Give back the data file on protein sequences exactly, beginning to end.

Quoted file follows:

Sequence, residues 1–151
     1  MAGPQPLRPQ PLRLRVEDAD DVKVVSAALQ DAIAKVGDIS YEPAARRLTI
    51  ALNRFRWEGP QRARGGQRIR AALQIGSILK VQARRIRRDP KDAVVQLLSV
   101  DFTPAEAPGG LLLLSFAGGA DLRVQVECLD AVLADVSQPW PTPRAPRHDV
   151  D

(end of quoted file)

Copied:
Sequence, residues 1–151
     1  MAGPQPLRPQ PLRLRVEDAD DVKVVSAALQ DAIAKVGDIS YEPAARRLTI
    51  ALNRFRWEGP QRARGGQRIR AALQIGSILK VQARRIRRDP KDAVVQLLSV
   101  DFTPAEAPGG LLLLSFAGGA DLRVQVECLD AVLADVSQPW PTPRAPRHDV
   151  D